On May 22, 2008 the Pennsylvania State Board of Education (SBE) amended their bylaws to add one nonvoting senior student member and one nonvoting junior student member. Since September 2009 two high school students have served on the SBE. For the past year those students have been senior Anne Griffith from Radnor High School and Junior Eva Rankin from Upper St. Clair High School. These SBE positions have provided public school students with an unprecedented opportunity in Pennsylvania to interact with the 22 adult board members and have helped shape long-term education policy for the 1.8 million K-12 students in our state and the 680,000 students impacted by our state system of higher education. The Pennsylvania Association of Student Councils (PASC) was first charged with the responsibility of recommending two students to hold these positions for the 2008-2009 school year. PASC is currently accepting applications for our new junior student representative.

Current 10th grade students (Class of 2023) enrolled in public high schools in Pennsylvania are eligible to apply for this position. The introductory letter, commitment forms and application can be found here. Applications are due back on March 8th, 2021. Interviews will be conducted virtually. One student will be selected for a two-year term at that time.

More information can be found at: . Questions may be directed to the two current student representatives at and


NPE/NPE Action Conference In Philly was rescheduled to October 23/24 due to concerns w/ COVID19.

Network for Public Education

NPE will be sending information to registrants very soon!


Join PFPS and NPE for “Fighting Voucher Legislation in 2021: An Update on State Voucher Bills and Tools to Oppose Them” Webinar Feb. 4th 4 p.m.

Author: PFPS Posted: Jan 28, 2021

Public Funds Public Schools resumes our engaging and well attended webinar series begun in 2020 with the first installment of 2021. Join PFPS and the Network for Public Education on Thursday, February 4, at 4 p.m. EST for an important and topical webinar, “Fighting Voucher Legislation in 2021: An Update on State Voucher Bills and Tools to Oppose Them.”

Panelists will discuss the significant private school voucher bills that have already been introduced in State Legislatures around the country, additional legislative action to watch for during 2021 legislative sessions, and tools and resources made available to advocates by PFPS and others. The webinar will feature representatives from the SPLC Action Fund and Education Law Center, which support the PFPS campaign, and from the National Coalition for Public Education, as well as Carol Burris, Executive Director of the Network for Public Education.

Use this link to register for Fighting Voucher Legislation: An Update on State Voucher Bills and Tools to Oppose Them on February 4 at 4 p.m. EST.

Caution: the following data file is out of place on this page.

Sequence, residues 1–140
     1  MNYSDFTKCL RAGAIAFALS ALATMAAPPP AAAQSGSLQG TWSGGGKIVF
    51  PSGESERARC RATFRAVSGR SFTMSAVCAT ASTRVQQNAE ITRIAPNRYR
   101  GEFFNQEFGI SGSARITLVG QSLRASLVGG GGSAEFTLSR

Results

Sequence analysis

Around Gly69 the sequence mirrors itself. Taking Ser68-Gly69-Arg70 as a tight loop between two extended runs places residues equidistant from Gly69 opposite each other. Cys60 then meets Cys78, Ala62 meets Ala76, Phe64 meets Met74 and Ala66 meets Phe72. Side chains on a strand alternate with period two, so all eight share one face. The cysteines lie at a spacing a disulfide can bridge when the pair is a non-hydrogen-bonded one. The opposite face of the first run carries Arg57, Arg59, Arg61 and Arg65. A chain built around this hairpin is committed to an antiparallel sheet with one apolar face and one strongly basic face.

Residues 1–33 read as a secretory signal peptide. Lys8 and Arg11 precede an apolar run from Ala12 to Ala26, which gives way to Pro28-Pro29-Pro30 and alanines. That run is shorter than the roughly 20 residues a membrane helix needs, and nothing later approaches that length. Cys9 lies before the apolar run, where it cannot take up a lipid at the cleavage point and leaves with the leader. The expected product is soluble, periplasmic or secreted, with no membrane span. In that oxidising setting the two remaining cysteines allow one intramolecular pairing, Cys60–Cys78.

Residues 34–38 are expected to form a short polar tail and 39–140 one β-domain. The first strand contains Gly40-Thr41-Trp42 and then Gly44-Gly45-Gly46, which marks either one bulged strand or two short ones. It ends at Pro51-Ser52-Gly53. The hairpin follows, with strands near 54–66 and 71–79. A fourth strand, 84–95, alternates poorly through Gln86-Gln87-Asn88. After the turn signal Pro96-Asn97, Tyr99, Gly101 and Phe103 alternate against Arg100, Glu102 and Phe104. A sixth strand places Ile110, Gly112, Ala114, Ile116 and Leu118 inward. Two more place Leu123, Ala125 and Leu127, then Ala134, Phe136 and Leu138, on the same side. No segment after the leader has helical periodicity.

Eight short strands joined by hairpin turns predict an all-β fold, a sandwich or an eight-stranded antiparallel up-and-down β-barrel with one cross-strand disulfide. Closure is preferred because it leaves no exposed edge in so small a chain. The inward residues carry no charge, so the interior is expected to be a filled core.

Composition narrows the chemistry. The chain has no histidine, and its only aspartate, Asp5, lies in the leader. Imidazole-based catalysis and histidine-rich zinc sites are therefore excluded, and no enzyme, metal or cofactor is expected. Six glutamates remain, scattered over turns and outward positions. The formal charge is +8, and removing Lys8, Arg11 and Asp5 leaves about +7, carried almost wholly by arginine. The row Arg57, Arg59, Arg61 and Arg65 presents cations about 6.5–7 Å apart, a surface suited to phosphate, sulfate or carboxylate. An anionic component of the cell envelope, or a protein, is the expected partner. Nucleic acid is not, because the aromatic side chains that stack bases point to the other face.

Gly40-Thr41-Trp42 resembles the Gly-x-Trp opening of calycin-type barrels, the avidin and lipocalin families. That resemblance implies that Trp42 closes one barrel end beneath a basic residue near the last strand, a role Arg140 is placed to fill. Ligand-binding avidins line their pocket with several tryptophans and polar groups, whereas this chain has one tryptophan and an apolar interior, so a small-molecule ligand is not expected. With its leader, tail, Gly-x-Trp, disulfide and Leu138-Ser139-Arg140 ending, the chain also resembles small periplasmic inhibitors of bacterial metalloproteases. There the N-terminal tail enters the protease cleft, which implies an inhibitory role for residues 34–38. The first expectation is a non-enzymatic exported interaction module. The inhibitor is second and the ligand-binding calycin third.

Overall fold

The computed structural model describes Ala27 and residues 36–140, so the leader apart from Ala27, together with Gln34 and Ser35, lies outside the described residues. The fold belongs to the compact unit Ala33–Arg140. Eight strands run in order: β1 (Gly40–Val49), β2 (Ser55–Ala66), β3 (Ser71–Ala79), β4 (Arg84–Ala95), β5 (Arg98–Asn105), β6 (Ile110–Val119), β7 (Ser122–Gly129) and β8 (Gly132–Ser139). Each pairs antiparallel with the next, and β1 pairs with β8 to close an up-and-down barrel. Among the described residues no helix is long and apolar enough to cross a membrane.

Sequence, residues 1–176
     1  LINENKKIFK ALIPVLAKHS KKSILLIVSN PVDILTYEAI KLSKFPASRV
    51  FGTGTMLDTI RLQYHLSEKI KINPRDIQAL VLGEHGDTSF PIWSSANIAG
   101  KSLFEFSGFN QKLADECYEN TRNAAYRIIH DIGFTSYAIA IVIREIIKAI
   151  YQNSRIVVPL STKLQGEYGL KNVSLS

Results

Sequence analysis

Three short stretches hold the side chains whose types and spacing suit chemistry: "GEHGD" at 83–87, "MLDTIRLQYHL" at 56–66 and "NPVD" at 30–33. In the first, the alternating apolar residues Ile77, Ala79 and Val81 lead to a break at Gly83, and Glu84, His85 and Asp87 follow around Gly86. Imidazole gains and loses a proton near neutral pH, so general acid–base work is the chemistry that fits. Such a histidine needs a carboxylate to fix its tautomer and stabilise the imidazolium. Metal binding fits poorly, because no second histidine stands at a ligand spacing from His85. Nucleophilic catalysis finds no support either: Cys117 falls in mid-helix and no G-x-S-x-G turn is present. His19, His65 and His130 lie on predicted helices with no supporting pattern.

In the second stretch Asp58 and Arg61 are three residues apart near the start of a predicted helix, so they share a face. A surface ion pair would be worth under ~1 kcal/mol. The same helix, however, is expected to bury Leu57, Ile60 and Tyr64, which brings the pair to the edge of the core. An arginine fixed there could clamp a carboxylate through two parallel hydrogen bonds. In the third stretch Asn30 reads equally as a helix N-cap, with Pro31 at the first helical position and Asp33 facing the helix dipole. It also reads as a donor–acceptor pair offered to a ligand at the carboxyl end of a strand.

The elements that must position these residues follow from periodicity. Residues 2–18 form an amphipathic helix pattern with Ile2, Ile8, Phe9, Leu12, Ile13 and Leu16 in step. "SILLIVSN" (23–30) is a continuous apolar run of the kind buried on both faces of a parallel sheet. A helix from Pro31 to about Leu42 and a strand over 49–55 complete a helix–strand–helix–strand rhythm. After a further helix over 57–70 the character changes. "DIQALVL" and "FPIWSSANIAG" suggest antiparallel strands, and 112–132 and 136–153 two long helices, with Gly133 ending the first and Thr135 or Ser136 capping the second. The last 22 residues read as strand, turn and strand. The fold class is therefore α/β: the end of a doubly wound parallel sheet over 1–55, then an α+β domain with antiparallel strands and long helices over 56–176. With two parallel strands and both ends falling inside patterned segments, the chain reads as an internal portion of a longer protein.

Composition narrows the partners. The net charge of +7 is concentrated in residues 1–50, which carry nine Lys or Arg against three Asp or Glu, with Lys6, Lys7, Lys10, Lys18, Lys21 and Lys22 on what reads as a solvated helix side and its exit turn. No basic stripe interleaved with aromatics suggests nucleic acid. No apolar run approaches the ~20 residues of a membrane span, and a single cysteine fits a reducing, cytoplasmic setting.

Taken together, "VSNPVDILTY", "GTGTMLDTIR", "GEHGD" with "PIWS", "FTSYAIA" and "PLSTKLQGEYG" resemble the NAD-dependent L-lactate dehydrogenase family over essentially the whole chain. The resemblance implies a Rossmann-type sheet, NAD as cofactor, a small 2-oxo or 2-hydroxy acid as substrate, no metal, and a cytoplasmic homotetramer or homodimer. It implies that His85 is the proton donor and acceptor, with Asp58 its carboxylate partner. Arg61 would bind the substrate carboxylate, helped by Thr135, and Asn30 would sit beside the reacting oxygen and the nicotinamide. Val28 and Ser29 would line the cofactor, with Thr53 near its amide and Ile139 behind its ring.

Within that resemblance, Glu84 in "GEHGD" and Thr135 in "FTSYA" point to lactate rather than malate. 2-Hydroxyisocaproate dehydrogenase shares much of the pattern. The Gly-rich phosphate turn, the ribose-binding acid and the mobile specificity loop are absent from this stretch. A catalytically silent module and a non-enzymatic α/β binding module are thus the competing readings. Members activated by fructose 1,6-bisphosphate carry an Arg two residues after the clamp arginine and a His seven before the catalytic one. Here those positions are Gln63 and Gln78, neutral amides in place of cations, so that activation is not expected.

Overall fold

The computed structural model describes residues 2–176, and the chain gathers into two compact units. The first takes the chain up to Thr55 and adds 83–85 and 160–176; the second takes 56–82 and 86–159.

PSBA Spring Virtual Advocacy Day - MAR 22, 2021

PSBA Website January 2021

All public school leaders are invited to join us for our spring Virtual Advocacy Day on Monday, March 22, 2021, via Zoom. We need all of you to help strengthen our advocacy impact. The day will center around contacting legislators to discuss critical issues affecting public education. Registrants will receive the meeting invitation with a link to our spring Virtual Advocacy Day website that contains talking points, a link to locate contact information for your legislator and additional information to help you have a successful day.

Cost: Complimentary for members

Registration: Registration is available under Event Registration on


Attend the NSBA 2021 Online Experience April 8-10

NSBA is pleased to announce the transformation of its in-person NSBA 2021 Annual Conference & Exposition to the NSBA 2021 Online Experience. This experience will bring world-class programming, inspirational keynotes, top education solution providers, and plentiful networking opportunities. Join us on April 8-10, 2021, for a fully transformed and memorable event!


Adopt the 2020 PSBA resolution for charter school funding reform

In this legislative session, PSBA has been leading the charge with the Senate, House of Representatives and the Governor’s Administration to push for positive charter reform. We’re now asking you to join the campaign: Adopt the resolution: We’re asking all school boards to adopt the 2020 resolution for charter school funding reform at your next board meeting and submit it to your legislators and to PSBA.

Resolution for charter funding reform (pdf)

Link to submit your adopted resolution to PSBA


344 PA school boards have adopted charter reform resolutions

Charter school funding reform continues to be a concern as over 340 school boards across the state have adopted a resolution calling for legislators to enact significant reforms to the Charter School Law to provide funding relief and ensure all schools are held to the same quality and ethics standards. Now more than ever, there is a growing momentum from school officials across the state to call for charter school funding reform. Legislators are hearing loud and clear that school districts need relief from the unfair funding system that results in school districts overpaying millions of dollars to charter schools.

The school boards from the following districts have adopted resolutions calling for charter funding reform.


Know Your Facts on Funding and Charter Performance. Then Call for Charter Change!

PSBA Charter Change Website:



Any comments contained herein are my comments, alone, and do not necessarily reflect the opinions of any other person or organization that I may be affiliated with.